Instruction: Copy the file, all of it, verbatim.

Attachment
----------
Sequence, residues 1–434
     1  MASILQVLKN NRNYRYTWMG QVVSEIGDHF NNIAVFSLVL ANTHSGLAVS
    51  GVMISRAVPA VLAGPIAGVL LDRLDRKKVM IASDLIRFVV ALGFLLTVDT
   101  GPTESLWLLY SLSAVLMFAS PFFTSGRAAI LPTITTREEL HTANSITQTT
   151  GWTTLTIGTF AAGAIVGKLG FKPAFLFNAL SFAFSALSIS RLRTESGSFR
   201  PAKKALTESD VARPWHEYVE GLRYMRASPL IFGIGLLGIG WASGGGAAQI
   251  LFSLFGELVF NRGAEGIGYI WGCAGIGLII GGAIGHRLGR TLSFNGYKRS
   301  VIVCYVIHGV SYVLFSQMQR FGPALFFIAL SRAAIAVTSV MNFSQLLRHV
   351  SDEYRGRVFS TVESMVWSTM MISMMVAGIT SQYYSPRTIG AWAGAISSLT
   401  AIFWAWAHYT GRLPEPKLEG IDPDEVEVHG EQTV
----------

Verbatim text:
Sequence, residues 1–434
     1  MASILQVLKN NRNYRYTWMG QVVSEIGDHF NNIAVFSLVL ANTHSGLAVS
    51  GVMISRAVPA VLAGPIAGVL LDRLDRKKVM IASDLIRFVV ALGFLLTVDT
   101  GPTESLWLLY SLSAVLMFAS PFFTSGRAAI LPTITTREEL HTANSITQTT
   151  GWTTLTIGTF AAGAIVGKLG FKPAFLFNAL SFAFSALSIS RLRTESGSFR
   201  PAKKALTESD VARPWHEYVE GLRYMRASPL IFGIGLLGIG WASGGGAAQI
   251  LFSLFGELVF NRGAEGIGYI WGCAGIGLII GGAIGHRLGR TLSFNGYKRS
   301  VIVCYVIHGV SYVLFSQMQR FGPALFFIAL SRAAIAVTSV MNFSQLLRHV
   351  SDEYRGRVFS TVESMVWSTM MISMMVAGIT SQYYSPRTIG AWAGAISSLT
   401  AIFWAWAHYT GRLPEPKLEG IDPDEVEVHG EQTV